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10 Strangest Sports You’ve Probably Never Heard Of

Sporting transcends cultures. While not every society appreciates or condones every physical competition out there, all of them favor at least one or two of the hundreds out there. And they should! After all, they occupy the mind and keep the body healthy all at the same time. Even the outward barbarism of American rules football requires a hefty amount of strategy. But with so many creative minds about the world, some unfamiliar (perhaps "strange" when cultural relativism comes into play) and largely unorthodox sports emerge. Many, many more beyond these exist, of course, but the following is merely a sample of some of the most fascinating.

  1. Shin Kicking: Every year in Gloucestershire, England, crowds gather to drink in the wonders of the World Shin-Kicking Championship. Shin-kicking involves exactly what one expects. Participants shove straw in their pant legs, lock arms and kick at each other until one falls down — though some don’t opt for any padding whatsoever! Workboots, most especially the steel-toed variety, make for the most popular and effective weapons of choice. Competitions usually involve three rounds, with the victor claiming at least two of them. Surprisingly enough, the game has actually grown much safer over time. In the 19th Century, Welsh players would drive nails through their shoes and just start inflicting flesh wounds all over the place.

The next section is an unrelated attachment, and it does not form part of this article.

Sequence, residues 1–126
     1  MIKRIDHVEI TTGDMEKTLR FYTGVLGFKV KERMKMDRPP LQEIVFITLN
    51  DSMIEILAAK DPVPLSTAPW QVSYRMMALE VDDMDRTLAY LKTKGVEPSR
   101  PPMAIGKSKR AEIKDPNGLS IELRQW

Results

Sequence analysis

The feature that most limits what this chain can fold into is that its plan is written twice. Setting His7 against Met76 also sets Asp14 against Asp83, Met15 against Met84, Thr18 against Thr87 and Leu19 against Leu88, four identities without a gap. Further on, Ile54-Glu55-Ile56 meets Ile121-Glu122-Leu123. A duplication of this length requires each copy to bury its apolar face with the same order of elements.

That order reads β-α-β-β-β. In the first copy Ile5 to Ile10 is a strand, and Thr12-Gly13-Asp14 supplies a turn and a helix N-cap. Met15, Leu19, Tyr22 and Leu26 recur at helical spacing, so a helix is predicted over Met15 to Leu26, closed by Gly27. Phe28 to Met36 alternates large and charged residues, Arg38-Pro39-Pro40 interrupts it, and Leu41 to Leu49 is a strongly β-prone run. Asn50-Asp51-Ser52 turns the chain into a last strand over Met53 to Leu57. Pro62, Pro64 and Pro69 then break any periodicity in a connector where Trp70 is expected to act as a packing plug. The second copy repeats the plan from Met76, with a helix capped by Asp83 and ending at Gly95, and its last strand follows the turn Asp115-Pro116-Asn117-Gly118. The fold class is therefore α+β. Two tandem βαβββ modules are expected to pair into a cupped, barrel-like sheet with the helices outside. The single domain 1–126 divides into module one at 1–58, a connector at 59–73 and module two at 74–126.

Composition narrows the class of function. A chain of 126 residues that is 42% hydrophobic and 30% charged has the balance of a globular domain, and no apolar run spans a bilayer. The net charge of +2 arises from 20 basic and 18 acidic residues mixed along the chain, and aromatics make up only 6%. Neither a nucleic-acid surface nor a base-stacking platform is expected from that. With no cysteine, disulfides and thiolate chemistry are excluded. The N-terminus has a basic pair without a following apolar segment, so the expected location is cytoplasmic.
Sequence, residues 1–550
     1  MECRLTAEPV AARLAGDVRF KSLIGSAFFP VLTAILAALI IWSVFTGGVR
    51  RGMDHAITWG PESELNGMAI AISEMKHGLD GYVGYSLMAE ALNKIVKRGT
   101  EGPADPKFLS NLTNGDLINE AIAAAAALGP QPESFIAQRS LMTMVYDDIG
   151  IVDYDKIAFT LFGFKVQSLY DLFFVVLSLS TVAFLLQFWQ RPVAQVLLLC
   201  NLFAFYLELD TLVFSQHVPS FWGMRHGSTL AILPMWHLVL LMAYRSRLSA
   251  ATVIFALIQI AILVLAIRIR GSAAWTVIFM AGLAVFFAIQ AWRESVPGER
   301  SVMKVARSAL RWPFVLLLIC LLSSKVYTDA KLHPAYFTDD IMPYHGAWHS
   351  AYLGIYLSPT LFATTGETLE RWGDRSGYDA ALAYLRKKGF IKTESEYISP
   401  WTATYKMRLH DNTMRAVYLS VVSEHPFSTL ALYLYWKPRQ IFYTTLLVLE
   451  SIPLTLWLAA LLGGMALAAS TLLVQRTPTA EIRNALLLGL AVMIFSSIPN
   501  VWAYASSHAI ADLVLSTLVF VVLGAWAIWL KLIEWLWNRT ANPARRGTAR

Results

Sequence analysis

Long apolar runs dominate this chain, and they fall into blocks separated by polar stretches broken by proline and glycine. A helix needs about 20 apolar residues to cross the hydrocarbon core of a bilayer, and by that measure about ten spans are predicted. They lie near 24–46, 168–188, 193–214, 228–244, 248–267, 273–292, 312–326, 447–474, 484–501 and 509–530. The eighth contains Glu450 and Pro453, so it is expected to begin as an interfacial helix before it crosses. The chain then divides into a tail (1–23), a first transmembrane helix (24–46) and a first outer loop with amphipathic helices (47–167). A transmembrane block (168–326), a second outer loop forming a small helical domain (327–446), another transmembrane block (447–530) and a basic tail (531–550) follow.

2. Wife Carrying: Much like shin-kicking, the sport of wife carrying succinctly sums up the entire premise in its name alone. It began as a joke in Finland before branching out to other regions, such as Latvia. Each team is comprised of one man and one woman (who must be over both 110 pounds and the age of 17, but not necessarily a wife), who must maneuver a 253.5-meter obstacle course with the latter’s legs flung over the former’s shoulders. The specifics of each trek vary from competition to competition and country to country, but the official rules dictate two dry and one wet challenges, with the latter involving a depth of one meter at most. Fortunately, the women are very much advised to wear helmets throughout the ordeal.

  3. Toe-Wrestling: Most people probably declared a thumb war or two in elementary school, but its podiatric equivalent has its own annual world competition. Played mostly in the UK, toe-wrestling as a very real adult, competitive sport stemmed directly from the common childhood pastime. A World Toe-Wrestling Organisation supposedly exists (or once existed), but unfortunately does not appear to have a website of its own. BBC quipped that they launched a sadly unsuccessful bid at Olympic status, so the truly gifted must only compete for glory at the World Toe Wrestling Championship. Locations and the charities sponsored by ticket sales apparently vary from year to year, but the first took place in Staffordshire back in the 1970s.